CHESTERFIELD, MO.— Mercy has signed a letter of intent to make Jefferson Regional Medical Center, Crystal City, Mo., part of the Mercy health system. The deal could be completed in four to six months, officials said. Financial details of the transaction—not specifically referred to as an acquisition in a news release— were not disclosed. The proposal’s terms include a Mercy investment in Jefferson for the purpose of upgrading the 196-bed hospital, expanding facilities and enhancing programs. Jefferson interim CEO Jeff Buck said the hospital had reviewed many proposals and offers since May. “The board of Jefferson Regional sees a partnership with Mercy as a natural progression of their commitment to quality, communitybased care, honoring the intentions of community leaders who founded the hospital in 1957,” Buck said in the release. Mercy officials added that Jefferson’s staff shares Mercy’s culture and principles and that this made the hospital attractive to investors.
OAK BROOK, ILL.— Advocate Health Care is moving ahead with a pair of hospital projects totaling $455 million in Chicago and in south suburban Oak Lawn as the hospital network looks to tap record-low interest rates. In Oak Lawn, Advocate proposes a nine-story patient tower and 1,000-car garage on the campus of Advocate Christ Medical Center. Meanwhile, on Chicago’s North Side, the not-for-profit healthcare system with $4.4 billion in revenue is planning a three-story Center for Advanced Care at Illinois Masonic Medical Center. The roughly 140,000-square-foot building would treat outpatients with digestive diseases and cancer, among other illnesses. Advocate’s plans are outlined in a pair of applications filed with the Illinois Health Facilities and Services Review Board, which regulates medical construction to avoid duplication of services. Both projects would be financed with debt accounting for about 61% of the projects’ combined costs. The remaining tabs would be paid with cash and securities.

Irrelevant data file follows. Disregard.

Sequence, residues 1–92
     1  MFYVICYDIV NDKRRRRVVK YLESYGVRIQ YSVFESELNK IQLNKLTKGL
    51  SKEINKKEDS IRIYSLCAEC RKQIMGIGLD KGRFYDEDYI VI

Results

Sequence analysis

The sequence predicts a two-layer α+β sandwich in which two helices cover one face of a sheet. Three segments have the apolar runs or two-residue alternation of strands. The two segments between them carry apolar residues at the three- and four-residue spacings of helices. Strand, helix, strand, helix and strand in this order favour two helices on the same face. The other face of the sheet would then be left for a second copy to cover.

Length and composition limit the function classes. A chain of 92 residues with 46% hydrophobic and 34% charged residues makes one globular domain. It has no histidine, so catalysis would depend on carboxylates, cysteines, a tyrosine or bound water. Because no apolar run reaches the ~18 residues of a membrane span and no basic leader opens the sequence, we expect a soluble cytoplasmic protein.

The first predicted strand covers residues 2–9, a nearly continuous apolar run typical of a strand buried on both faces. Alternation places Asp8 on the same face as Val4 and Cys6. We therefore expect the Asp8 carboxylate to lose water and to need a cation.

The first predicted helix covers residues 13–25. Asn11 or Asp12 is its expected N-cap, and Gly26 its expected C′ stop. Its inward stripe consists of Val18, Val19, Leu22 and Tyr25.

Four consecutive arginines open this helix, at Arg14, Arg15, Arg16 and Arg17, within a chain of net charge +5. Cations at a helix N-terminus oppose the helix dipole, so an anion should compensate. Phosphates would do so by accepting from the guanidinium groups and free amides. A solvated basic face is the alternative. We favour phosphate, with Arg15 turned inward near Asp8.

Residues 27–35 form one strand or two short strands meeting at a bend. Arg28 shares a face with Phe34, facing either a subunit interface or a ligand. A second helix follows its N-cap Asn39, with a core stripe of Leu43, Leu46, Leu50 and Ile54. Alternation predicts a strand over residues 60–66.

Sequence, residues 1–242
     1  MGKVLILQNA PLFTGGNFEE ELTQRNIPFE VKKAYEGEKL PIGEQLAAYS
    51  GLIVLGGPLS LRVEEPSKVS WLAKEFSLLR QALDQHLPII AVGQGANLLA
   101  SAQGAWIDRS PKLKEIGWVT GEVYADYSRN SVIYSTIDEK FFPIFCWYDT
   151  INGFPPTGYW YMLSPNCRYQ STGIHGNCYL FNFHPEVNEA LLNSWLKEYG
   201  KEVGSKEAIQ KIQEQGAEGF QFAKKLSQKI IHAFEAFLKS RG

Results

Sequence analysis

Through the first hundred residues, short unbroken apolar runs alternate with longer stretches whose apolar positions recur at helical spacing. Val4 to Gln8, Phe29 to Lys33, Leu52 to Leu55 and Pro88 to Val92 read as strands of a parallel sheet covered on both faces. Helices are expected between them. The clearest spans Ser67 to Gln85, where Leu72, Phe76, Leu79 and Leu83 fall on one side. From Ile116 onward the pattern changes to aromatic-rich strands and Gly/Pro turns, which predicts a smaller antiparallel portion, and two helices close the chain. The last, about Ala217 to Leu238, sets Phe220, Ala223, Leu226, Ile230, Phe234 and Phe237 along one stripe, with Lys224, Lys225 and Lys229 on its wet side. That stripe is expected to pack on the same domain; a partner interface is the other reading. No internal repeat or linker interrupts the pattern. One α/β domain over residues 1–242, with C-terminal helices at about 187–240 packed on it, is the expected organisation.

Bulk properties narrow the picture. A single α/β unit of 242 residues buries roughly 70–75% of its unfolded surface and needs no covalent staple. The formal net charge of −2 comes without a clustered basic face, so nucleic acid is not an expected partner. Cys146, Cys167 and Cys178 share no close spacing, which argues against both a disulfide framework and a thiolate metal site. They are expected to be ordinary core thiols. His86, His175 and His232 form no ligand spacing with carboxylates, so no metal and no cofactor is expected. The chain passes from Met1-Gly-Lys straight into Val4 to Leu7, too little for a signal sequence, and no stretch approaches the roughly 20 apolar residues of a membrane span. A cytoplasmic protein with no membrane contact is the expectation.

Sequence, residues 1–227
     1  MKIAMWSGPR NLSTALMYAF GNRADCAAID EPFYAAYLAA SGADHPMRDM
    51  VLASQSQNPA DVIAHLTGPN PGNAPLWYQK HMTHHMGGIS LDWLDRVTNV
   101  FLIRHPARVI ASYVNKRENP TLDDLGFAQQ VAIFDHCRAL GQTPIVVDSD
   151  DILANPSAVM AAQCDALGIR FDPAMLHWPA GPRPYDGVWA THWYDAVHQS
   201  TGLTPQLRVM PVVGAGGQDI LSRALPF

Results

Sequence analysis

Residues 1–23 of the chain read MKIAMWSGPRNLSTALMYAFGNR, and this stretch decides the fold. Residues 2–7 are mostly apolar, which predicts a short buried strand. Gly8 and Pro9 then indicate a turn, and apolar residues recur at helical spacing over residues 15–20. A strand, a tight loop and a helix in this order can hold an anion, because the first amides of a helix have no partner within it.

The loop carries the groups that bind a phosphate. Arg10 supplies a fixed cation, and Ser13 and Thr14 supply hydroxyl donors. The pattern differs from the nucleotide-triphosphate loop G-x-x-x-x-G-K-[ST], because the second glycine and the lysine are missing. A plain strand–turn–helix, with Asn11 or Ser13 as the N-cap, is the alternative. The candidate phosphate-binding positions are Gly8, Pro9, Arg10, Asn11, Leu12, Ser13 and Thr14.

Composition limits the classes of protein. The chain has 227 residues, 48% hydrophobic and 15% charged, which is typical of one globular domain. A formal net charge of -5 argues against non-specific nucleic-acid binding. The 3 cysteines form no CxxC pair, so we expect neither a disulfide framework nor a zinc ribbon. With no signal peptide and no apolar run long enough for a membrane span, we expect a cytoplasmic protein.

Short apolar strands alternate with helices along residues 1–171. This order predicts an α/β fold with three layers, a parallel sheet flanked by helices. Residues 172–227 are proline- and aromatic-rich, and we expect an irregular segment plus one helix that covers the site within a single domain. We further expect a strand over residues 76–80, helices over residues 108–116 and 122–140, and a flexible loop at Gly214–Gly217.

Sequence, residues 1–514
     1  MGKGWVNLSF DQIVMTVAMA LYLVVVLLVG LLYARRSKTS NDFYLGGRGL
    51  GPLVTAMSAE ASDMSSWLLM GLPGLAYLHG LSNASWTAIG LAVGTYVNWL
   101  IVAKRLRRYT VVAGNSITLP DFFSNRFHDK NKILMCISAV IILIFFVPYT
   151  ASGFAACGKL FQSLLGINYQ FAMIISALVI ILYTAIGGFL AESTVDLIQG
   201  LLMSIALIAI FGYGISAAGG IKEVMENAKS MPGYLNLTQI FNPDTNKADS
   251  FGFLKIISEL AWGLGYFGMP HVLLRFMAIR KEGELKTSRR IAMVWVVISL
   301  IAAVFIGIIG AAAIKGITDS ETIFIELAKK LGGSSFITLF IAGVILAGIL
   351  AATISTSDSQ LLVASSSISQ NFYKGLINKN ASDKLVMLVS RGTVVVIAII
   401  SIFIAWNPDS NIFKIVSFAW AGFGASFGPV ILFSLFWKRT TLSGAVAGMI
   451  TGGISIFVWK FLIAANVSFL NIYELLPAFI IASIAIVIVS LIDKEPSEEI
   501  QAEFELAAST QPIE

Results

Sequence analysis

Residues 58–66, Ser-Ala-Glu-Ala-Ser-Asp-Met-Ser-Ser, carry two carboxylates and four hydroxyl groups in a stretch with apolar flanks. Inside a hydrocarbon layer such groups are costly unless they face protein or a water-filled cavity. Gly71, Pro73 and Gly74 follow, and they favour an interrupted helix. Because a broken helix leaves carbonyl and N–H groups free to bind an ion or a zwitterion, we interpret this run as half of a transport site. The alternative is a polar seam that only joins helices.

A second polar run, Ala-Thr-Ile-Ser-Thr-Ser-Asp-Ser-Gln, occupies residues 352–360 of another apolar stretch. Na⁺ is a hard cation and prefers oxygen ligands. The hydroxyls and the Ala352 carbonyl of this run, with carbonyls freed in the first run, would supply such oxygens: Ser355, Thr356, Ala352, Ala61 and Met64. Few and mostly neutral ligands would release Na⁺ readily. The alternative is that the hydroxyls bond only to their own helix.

—Crain’s Chicago Business
SPRINGFIELD, ILL.— Illinois is looking for a company to build its health insurance exchange even though it likely won’t operate independently of the federal government until 2015. The Illinois Department of Insurance has asked for proposals from vendors to set up, operate and maintain the computer infrastructure for the insurance exchange. The system must meet federal requirements and integrate “seamlessly” with the state’s Medicaid system; bids are due Aug. 30. The department also is searching for three information technology professionals to help with the exchange who will report to the insurance department’s IT project manager. The Patient Protection and Affordable Care Act mandates that states develop exchanges where consumers and small businesses can buy health insurance from private carriers, among others. The state-level exchanges are intended to satisfy two key requirements of the federal law. They would be markets where individuals and small employers could satisfy the mandate to buy insurance, but the law would also guarantee that insurance companies would sell policies to most people who apply. Because the Illinois General Assembly has not passed legislation to establish an exchange and Gov. Patrick Quinn has not established an outline for one through executive order, Illinois’ exchange will be run jointly by the state and federal governments starting Jan. 1, 2014. About 337,000 people are expected to buy health insurance through the exchange in 2014, according to documents from the Illinois Department of Procurement. That number is projected to climb to 489,000 in 2015. By setting up a jointly run exchange, the state is doing “a two-step dance,” preparing for its eventual transition to a state-run exchange Jan. 1, 2015, said Jim Duffett, executive director of the Campaign for Better Health Care in Champaign. “They’re doing it to get the ball rolling,” he said. The federal government has given $39 million to start the exchange, said a state spokesman, with another $90 million possible. Most of the initial payment will go toward developing the exchange’s computer infrastructure. But if the Legislature fails to pass a bill establishing the exchange by spring, the insurance department is unlikely to extend the federal-state partnership on the exchange another year, said Laura Minzer, executive director of the Illinois Chamber of Commerce’s Healthcare Council. “They will simply say to the federal government, ‘Come in,’ ” she said.
—Crain’s Chicago Business
Jefferson Regional, above, plans to become part of Mercy’s health system in four to six months.